Edwards accuses Bush over U.S. foreign policy


Democratic vice presidential candidate John Edwards accused President George W. Bush’s administration Monday of making the nation less secure by miscalculating U.S. foreign policy. The attack was aimed at giving Democrats a voice on the opening day of the Republican National Convention in New York.

“Their failed leadership at home and abroad means that they cannot deal with the new threats we face,” Edwards said in remarks prepared for a speech in Wilmington, North Carolina.

The North Carolina senator accused Bush of leading the nation down the wrong path after the terrorist attacks of Sept. 11, 2001.

“Because of this administration’s failures, Iraq is a mess today — and it probably will be the day we take office,” Edward continued. “It didn’t have to be this way. But it is. And we need new leadership to fix it.”

Edwards said a John Kerry administration would “go on the offensive to defeat the terrorists before they get to us,” strengthen defenses at home and build strong alliances abroad to get weapons of mass destruction out of the hands of terrorists. Above all, he vowed, the ticket would bring “stability and freedom” to Afghanistan and Iraq.

“This is what we will do. This is what they haven’t done,” said Edwards.

Steve Schmidt, a Bush campaign spokesman, called Edwards’ claims “a series of baseless attacks from a Democratic ticket that’s far outside the mainstream on these issues.”

He argued that the accusations weren’t credible, as they came from a team that, Schmidt said, has advocated for a “more sensitive war on terror” and said “the war on terror simply creates more terrorists.”

“The chronic vacillation and indecision demonstrated by John Kerry regarding the war on terror is one reason the American people have increasing doubts about his credibility,” Schmidt said.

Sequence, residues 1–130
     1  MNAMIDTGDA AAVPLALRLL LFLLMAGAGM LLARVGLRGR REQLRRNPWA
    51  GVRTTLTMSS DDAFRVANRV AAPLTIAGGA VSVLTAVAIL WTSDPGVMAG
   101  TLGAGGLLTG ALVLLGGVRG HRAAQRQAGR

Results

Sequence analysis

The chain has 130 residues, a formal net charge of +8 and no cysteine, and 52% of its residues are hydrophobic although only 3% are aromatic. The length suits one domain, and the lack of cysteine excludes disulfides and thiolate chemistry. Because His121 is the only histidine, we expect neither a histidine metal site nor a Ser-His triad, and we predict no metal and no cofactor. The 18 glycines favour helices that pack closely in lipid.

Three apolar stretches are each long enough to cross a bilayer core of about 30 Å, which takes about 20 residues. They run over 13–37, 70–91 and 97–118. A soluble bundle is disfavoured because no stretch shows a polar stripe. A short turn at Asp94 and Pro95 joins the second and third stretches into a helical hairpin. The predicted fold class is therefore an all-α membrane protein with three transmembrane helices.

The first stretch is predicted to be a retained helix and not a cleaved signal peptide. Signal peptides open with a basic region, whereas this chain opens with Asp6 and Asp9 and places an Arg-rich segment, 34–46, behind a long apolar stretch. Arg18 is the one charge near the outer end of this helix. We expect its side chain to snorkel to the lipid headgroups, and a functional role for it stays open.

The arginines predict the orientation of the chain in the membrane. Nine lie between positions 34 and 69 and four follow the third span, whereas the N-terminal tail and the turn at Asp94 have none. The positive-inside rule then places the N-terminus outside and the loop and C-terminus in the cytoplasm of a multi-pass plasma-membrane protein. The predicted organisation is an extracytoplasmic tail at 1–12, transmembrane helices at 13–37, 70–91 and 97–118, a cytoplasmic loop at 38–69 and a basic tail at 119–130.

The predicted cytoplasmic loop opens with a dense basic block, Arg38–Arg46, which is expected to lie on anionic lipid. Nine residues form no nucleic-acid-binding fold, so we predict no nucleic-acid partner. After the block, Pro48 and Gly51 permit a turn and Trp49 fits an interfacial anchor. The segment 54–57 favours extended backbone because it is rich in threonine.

Edwards sought to counter Republicans, including Vice President Dick Cheney, who plans during the Republican convention to emphasize that Bush is the kind of “strong and steadfast” leader the country needs to continue the war against terrorists.

Edwards maintained that in Iraq, the White House miscalculated by “rushing to war without a plan for the peace” and “deciding to got it alone without strong allies.” He also criticized the administration for waiting “three years after September 11th to start to reform our intelligence.”

And, Edwards accused the administration of “turning its back on Afghanistan “as well as failing to listen to the 9-11 commission” and “standing on the sidelines while North Korea and Iran advanced their nuclear programs.”

In a role reversal of sorts, Republican delegates were gathering in staunchly Democratic New York City on Monday as Edwards flew to his Republican-leaning state to give the speech alongside his one-time rival for the Democratic presidential nomination, retired Gen. Wesley Clark, and other veterans.

Over the past week, Edwards has become the Democratic ticket’s attack dog, hitting Bush on everything from overtime pay and poverty to intelligence reform. Aides say the point of the speech was to highlight what they called Bush’s real record on national security, not the one that Republicans will present at the convention.

Bush has defended his actions in Iraq at nearly every stop on the campaign trail. However, in an interview with Time magazine, he suggested he would have used different tactics to invade Iraq had he known “that an enemy that should have surrendered or been done in escaped and lived to fight another day.”